These skillet-baked pancakes are packed with protein and other muscle-building ingredients. Get the simple recipe here.
Every so often a recipe comes along that becomes a staple. These sweet potato waffles did a pretty good job of that. Folks everywhere haven't had another breakfast since their discovery. This baked pancake promises to be another game changer.
Cake, In a Pan
In some cultures, they're called "hotcakes." In others, "skillet cakes." Whatever name you give them there's no denying their fluffy pancake texture, guilt-free great taste, and nutrient profile. Eat them for breakfast or dessert, or cut them up into snack-sized portions.
Many protein powder recipes can be rubbery and dry, but not these. You'll get one big fluffy pancake that'll serve one hungry person or two struggling hardgainers. The whole pancake packs a whopping 53 grams protein, coming from a mix of whey isolate, micellar casein, and eggs. That means a complete amino acid profile with varying degrees of time release.
You've got a few portions of fruit in there too, as well as over a third of your daily fiber intake in one sitting. This protein pancake will keep you fueled and keep your body running like clockwork.
- 1 Medium ripe banana
- 1/2 Cup uncooked rolled oats or oat flour
- 2 Whole eggs
- 1 and 1/3 scoop (40g) vanilla Metabolic Drive® Protein
- 1/5 Cup (2.1 oz) zero-fat Greek yogurt
- 3/4 Teaspoon baking powder
- 1/2 Cup frozen berries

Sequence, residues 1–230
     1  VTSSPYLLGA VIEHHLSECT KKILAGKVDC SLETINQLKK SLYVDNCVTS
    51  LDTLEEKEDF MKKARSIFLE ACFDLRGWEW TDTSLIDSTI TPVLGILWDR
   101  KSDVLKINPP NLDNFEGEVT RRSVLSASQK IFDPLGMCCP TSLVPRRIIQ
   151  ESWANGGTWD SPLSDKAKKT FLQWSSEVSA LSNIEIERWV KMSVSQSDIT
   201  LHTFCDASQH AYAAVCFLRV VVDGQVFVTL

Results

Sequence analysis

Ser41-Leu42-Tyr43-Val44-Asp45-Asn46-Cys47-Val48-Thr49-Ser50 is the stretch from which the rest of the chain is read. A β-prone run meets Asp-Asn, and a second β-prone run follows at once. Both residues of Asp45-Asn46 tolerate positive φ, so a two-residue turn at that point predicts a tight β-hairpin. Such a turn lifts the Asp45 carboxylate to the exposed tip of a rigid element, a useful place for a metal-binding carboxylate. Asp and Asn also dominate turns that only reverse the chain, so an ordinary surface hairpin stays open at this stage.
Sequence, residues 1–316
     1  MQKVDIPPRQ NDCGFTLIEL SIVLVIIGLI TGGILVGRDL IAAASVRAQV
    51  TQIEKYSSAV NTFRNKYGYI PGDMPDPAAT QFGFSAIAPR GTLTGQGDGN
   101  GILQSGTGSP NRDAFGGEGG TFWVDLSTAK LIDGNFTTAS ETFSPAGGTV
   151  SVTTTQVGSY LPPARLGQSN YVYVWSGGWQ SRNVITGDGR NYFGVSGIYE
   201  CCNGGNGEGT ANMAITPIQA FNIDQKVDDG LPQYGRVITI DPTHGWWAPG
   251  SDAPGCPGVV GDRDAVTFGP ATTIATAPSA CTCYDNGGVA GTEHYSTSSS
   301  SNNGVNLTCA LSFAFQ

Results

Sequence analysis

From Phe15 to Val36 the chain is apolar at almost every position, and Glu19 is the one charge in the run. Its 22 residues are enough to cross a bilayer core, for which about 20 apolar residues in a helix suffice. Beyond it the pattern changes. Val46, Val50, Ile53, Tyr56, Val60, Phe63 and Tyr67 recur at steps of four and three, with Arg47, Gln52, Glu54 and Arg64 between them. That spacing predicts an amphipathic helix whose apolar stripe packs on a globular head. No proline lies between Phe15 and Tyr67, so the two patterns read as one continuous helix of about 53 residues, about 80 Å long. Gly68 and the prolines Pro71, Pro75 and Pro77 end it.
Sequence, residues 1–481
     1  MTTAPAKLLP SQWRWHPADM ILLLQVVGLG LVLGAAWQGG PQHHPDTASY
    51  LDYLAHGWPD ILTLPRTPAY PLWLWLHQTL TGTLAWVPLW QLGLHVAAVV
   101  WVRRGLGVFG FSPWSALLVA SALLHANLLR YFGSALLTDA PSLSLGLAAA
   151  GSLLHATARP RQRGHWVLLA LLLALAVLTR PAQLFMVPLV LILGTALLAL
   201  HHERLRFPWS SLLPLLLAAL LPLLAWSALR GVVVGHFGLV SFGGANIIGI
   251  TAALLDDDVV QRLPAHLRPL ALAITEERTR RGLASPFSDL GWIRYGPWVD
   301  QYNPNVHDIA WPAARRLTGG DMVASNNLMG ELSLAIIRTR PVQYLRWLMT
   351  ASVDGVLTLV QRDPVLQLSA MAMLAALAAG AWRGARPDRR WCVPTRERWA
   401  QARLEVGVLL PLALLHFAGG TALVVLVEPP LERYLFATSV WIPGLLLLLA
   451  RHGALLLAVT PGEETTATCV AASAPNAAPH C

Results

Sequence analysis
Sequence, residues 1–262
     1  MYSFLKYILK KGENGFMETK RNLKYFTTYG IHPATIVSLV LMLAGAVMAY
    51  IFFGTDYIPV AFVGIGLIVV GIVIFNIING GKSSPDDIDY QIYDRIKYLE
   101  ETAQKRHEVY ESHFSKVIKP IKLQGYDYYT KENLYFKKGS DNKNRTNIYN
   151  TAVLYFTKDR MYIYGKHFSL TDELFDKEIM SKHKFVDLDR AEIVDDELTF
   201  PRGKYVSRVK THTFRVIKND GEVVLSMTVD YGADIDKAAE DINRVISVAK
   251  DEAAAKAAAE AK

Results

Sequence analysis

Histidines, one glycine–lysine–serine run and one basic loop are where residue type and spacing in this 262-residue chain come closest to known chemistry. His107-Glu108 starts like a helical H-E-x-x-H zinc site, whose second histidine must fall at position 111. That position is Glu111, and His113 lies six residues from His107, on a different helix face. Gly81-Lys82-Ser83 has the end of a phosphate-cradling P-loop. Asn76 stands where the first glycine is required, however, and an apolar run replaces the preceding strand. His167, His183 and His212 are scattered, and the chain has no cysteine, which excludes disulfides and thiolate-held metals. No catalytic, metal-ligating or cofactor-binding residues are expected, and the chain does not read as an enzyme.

- 1 Heaped teaspoon pumpkin seeds (or any other seeds)
- Few pinches salt
- Preheat oven to 360 Fahrenheit or 180 Celsius.
- Toss all the ingredients into a blender or food processor except the berries and seeds. Blend until well combined with no whole oats visible.
- Spray an oven-proof skillet with a little low-calorie cooking spray. Pour the smooth batter into the skillet.
- Throw some berries and seeds on top. You can use fresh berries, but frozen are just as good and keep the pancakes extra moist.
- Bake on the top shelf for 18-20 minutes or until golden brown.
- Optional: Serve with a little extra Greek yogurt, honey, maple syrup, or sugar-free syrup.
Bonus: Why Pumpkin Seeds?
The pumpkin seeds are a nice touch, especially if you're thinning a little on top. They contain beta-sitosterol which inhibits the 5-alpha-reductase enzyme that converts testosterone to dihydrotestosterone (DHT).
Multiple randomized controlled trials in both rats and humans have shown pumpkin seed oil to have antiandrogenic effects and help with male hair loss. For a healthy hormonal profile, pumpkin seeds are a great option.
Calories and Macros for the Whole Damn Thing
- 641 calories
- 17 grams fat
- 72 grams carbs
- 53 grams protein
- 12 grams fiber